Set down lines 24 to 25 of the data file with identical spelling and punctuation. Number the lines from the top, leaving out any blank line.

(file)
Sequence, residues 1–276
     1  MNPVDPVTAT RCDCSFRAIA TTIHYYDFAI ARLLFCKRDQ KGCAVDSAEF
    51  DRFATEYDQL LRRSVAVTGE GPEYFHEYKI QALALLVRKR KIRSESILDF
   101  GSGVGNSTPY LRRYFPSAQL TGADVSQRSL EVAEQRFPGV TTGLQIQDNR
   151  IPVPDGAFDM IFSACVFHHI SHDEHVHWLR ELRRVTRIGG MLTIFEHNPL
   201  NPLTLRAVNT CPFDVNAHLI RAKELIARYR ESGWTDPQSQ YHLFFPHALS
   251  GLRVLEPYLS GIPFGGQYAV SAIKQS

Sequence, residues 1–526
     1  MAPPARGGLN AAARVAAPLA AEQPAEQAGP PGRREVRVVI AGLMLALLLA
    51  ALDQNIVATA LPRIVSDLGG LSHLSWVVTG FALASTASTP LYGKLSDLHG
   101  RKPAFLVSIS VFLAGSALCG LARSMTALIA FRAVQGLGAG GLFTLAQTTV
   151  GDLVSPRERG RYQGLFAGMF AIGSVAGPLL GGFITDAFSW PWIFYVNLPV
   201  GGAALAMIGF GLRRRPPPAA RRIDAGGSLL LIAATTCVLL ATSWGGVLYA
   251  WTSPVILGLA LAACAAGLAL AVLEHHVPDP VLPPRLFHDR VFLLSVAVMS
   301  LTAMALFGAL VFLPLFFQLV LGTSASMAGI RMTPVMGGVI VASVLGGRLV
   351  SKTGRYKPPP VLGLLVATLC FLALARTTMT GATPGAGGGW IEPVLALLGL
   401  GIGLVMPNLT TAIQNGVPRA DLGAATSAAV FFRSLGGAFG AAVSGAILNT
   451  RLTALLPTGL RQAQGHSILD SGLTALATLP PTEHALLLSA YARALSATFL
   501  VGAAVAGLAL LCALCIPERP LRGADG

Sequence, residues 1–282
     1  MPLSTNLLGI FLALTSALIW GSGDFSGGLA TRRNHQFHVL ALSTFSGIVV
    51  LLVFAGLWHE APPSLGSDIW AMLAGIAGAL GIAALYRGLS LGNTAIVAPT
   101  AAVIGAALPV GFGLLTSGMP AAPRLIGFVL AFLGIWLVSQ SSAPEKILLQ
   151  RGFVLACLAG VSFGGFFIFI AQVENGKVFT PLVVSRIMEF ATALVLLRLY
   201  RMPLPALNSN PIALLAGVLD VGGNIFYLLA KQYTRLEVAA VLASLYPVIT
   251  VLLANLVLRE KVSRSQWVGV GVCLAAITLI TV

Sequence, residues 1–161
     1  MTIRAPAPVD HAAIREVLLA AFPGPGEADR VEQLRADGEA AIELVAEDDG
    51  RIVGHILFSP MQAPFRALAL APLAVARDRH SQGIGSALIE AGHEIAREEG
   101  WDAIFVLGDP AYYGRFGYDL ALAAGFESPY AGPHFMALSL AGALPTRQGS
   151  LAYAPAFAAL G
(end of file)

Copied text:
   151  RGFVLACLAG VSFGGFFIFI AQVENGKVFT PLVVSRIMEF ATALVLLRLY
   201  RMPLPALNSN PIALLAGVLD VGGNIFYLLA KQYTRLEVAA VLASLYPVIT